We walked to Christiania, and on the way stumbled into Per Bo Keramik. The brightly colored ceramic cups and plates acted like a million multicolored lights flashing. If they could talk, they would have been saying “Come in!” (but probably in Danish)
Per Bo himself.
These beautiful bowls are made by a friend of Per Bo.
My favorite cups, sadly not available in the inbetween size I wanted. Sometime I hope Per Bo and Anne Junsjo can meet up–it seems they would have a lot to talk about.
Several newly purchased cups later, we left Per Bo and continued to Christiania. We took a route by the water, which was pleasant, although it also smelled like marijuana. Supposedly this is the only area in Denmark where the drug can be pseudo-legally smoked or possessed. We stopped at a pretty good vegan cafe. Strong hippie vibes.
The entrance–of a sort– to Christiania. Fun fact, some residents consider this a separate country from Denmark, and there is a small independence movement.
We soon left and moved to a large cafeteria on the water. With a diverse array of food, it was a true treat. Finding vegetarian food was possible, and a wide variety of cuisine was represented, including Korean, Japanese, Indian, Italian… The list goes on.
It would be difficult for the most hip brooklyner to out hipster this.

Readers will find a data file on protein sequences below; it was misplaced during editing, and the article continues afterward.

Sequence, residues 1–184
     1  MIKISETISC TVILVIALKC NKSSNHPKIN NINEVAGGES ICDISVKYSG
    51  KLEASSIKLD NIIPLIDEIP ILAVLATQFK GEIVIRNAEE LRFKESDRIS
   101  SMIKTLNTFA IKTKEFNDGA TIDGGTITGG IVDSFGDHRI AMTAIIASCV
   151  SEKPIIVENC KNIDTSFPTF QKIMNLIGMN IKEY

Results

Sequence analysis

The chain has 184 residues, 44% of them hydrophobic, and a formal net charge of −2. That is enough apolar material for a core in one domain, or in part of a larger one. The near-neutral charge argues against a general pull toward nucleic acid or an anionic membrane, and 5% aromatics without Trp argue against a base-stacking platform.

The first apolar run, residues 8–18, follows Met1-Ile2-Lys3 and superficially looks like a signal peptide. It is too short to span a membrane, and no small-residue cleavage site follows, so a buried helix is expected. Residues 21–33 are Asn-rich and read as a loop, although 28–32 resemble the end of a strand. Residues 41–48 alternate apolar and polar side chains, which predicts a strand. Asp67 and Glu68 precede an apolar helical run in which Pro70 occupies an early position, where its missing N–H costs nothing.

Seating was outside, and it had a party atmosphere. The abundance of people outside despite the relative cold suggested the harsh winters that Copenhagen goes through.
When I took this photo, I believed that I was capturing an early summer picnic. Instead, I have a record of a scene which now raises more questions than answers. Who is this girl? Why isn’t her animal walking with her? Where are her sunglasses? Has she finished her babyccino?
The DJ outside must have been saying “Denmark is too cool for you,” but in such a nice way that you feel welcome anyhow.
We left and hit Tiger, which is a quirky chain that has great home goods, toys, and clothing. Sort of like Muji, but younger and more fun.
Particularly good advice.That evening we walked to the Kastellet, which is a star shaped fort. Very interesting to see what was once a secure, fortified position, whose only purpose now is as a tourist attraction and walking trail. Technology really changes things. For Americans who are interested in military history but don’t want to or cannot fly to Denmark, the US has a similar site called Fort Monroe, in Virginia.
A Beautiful church at the edge of the fort.
With views like this, and the knowledge that cool markets, shops, and restaurants are all nearby, I can begin to understand why Monocle Magazine ranked Copenhagen as the worlds most livable city for two years in a row. As much as I liked Copenhagen, however, there are still some questions which need to be answered.
How is the winter? Would it start to feel small? Could you earn enough to truly enjoy the city?
It was a bit chilly in the summer, it didn’t seem that large, and prices were high. Yet, it was also undeniably an extremely livable city. From the few days I spent there, my verdict on Copenhagen is pretty simple. It is a great place to live, and probably an ideal place to raise children. That said, those looking for an adventure may be better served in a larger city, before the move here to settle down.